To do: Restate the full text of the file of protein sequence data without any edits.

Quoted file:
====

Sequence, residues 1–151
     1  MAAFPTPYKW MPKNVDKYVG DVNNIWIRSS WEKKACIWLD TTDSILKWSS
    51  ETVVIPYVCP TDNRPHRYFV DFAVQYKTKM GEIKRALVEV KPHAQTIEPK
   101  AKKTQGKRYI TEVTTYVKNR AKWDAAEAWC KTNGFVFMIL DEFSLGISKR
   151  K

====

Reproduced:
Sequence, residues 1–151
     1  MAAFPTPYKW MPKNVDKYVG DVNNIWIRSS WEKKACIWLD TTDSILKWSS
    51  ETVVIPYVCP TDNRPHRYFV DFAVQYKTKM GEIKRALVEV KPHAQTIEPK
   101  AKKTQGKRYI TEVTTYVKNR AKWDAAEAWC KTNGFVFMIL DEFSLGISKR
   151  K